Possible Duplicate:
Get timestamp of today and yesterday in php

I was wondering if there was a simple way of getting yesterday's date through this format:

date("F j, Y");

marked as duplicate by tereško, Jocelyn, Simone Carletti, KingCrunch, Chathuranga Chandrasekara Oct 8 '12 at 11:31

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date() itself is only for formatting, but it accepts a second parameter.

date("F j, Y", time() - 60 * 60 * 24);

To keep it simple I just subtract 24 hours from the unix timestamp.

A modern oop-approach is using DateTime

$date = new DateTime();
$date->sub(new DateInterval('P1D'));
echo $date->format('F j, Y') . "\n";

Or in your case (more readable/obvious)

$date = new DateTime();
echo $date->format('F j, Y') . "\n";

(Because DateInterval is negative here, we must add() it here)

See also: DateTime::sub() and DateInterval

  • 3
    very good answer, there are many ways to do it but you have the simple one, short and easy to understand ( + the OOP one for those interested in using more RAM ;) – neofutur Apr 12 '12 at 8:04
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    @neofutur Beside "we want to waste our RAM" the OOP-approach is useful, when you already have either a DateTime-, or a DateInterval-object (or both), which may be the case in an OOP-based application (e.g. $customer->expire->add(DateInterval::createFromDateString('+1 year')) // customer paid for one additional year) Also note, that DateInterval understands ISO8601 for time intervals, but date() doesn't. At the end of course: Select the one you better fit your needs :) – KingCrunch Apr 12 '12 at 8:19
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    This is NOT a correct answer!! Daylight savings makes 23 and 25 hour days. So this is NOT giving you a good answer 2 hours of the year!!! – patrick Apr 24 '13 at 15:25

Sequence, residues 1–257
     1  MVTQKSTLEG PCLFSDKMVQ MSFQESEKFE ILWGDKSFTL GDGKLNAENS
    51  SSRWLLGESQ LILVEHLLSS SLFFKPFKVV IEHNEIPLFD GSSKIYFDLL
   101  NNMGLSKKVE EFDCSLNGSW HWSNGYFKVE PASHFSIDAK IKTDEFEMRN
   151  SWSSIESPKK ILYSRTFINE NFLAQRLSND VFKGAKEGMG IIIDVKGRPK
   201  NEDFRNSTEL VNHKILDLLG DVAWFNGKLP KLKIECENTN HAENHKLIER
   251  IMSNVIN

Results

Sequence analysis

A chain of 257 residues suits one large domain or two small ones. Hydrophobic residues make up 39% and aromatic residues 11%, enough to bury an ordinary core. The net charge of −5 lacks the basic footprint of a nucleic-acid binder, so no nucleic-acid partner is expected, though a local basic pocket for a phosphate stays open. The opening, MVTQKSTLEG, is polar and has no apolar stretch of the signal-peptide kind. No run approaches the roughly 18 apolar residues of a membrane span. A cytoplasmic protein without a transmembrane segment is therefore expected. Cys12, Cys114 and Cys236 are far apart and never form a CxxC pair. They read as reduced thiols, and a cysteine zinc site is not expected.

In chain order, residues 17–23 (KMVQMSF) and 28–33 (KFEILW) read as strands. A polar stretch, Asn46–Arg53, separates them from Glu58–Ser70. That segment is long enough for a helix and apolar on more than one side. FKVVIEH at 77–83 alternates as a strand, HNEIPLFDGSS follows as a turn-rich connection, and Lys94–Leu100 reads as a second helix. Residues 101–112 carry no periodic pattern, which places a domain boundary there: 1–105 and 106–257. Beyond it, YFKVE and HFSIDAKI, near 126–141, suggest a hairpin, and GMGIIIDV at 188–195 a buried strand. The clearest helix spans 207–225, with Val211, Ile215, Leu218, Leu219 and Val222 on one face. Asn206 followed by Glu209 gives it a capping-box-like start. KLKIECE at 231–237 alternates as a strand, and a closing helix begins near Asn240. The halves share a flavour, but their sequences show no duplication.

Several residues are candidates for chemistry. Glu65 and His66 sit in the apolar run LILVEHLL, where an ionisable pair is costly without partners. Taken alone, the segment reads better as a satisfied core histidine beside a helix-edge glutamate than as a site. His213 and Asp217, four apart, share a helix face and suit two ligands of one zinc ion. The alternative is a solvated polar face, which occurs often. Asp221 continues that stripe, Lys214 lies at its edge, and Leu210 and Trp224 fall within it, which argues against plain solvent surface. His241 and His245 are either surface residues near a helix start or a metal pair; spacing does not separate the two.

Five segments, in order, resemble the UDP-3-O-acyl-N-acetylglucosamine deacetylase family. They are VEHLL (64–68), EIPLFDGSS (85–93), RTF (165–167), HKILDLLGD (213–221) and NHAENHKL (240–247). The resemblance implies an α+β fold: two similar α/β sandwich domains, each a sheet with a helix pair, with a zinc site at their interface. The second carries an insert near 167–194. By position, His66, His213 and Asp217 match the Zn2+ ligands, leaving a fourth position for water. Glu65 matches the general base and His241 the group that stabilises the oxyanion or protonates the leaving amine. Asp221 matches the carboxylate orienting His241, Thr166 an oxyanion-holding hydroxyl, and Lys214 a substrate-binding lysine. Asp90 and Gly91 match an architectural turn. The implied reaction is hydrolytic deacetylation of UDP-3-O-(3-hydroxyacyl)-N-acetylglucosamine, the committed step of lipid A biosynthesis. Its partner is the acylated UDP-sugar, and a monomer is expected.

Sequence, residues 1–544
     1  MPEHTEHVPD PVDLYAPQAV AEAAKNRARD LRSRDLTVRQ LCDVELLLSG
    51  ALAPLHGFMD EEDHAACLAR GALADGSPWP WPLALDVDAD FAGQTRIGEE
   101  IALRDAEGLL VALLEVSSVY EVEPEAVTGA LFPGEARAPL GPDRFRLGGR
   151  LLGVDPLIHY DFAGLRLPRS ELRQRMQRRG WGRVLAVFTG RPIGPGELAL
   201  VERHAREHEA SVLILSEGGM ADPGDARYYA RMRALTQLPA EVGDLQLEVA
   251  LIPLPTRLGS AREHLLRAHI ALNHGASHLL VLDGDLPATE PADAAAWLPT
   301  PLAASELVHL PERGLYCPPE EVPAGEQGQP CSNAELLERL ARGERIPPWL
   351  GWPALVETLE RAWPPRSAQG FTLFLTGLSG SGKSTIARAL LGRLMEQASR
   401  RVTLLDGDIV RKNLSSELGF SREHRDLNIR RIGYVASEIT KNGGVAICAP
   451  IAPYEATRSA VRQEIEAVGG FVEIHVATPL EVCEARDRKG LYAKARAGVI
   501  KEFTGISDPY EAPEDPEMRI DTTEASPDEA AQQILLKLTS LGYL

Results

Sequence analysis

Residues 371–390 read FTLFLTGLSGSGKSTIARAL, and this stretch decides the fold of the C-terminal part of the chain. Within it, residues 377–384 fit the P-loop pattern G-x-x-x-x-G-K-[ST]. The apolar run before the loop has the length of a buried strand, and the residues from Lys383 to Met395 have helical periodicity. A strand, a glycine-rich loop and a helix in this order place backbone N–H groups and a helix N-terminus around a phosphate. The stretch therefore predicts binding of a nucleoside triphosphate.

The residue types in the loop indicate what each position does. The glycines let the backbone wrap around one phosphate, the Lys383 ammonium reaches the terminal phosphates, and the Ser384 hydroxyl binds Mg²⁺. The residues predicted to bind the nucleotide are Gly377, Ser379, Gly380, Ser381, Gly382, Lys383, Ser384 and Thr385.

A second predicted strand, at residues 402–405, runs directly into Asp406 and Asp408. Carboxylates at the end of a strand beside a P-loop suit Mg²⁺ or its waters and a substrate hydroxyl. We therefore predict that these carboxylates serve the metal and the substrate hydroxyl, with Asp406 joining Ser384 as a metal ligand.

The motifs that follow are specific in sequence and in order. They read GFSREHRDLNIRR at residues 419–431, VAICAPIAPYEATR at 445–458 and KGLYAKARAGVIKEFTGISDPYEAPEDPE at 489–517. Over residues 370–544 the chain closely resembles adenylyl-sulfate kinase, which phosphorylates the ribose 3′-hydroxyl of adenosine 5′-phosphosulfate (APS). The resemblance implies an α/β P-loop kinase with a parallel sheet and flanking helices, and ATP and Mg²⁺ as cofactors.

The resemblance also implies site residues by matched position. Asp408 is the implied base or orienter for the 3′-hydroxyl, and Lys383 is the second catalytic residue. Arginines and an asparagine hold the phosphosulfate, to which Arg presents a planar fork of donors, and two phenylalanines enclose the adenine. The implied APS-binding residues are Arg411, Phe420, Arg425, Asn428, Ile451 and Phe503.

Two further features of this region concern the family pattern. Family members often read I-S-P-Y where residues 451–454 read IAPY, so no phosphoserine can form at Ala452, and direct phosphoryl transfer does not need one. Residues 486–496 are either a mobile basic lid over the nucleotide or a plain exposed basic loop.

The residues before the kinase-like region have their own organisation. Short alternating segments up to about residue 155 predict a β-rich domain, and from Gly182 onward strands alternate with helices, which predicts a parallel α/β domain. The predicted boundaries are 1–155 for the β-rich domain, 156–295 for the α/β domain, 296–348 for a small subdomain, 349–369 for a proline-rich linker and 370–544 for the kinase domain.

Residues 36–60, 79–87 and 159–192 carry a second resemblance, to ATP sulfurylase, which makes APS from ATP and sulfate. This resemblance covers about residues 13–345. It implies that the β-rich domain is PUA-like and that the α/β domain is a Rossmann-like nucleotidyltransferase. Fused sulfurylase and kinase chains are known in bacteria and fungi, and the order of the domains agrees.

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    @patrick Interesting point :) Yes, you are right, but this is only true for the first solution, not the following utilizing DateInterval. – KingCrunch Apr 25 '13 at 14:26
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    Don't forget to use it as \DateTime and \DateInterval in the context of a namespace. – Thomas Kekeisen Apr 21 '17 at 9:30

strtotime(), as in date("F j, Y", strtotime("yesterday"));

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    +1 because this makes the intent a bit more obvious when scanning through the code. Self-documenting code and all that. – Justin ᚅᚔᚈᚄᚒᚔ Jul 22 '11 at 22:48

How easy :)

date("F j, Y", strtotime( '-1 days' ) );


echo date("Y-m-j H:i:s", strtotime( '-1 days' ) ); // 2018-07-18 07:02:43


2018-07-17 07:02:43
  • 6
    I prefer this answer. The offset ('-1') doesn't have to be a constant: it can be built with a variable,even with a loop: strtotime( '-'.$s.' days' ) where $s is how many days back (or forward if playing with signs) you want to go. – Henry Mar 25 '13 at 3:04
  • i needed five days ago so this one is easiest to modify. – omikes Mar 27 '18 at 15:43
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    Use Y-m-d instead of Y-m-j for the ISO standard date, j doesn't have a leading zero. – toster-cx Feb 14 at 16:30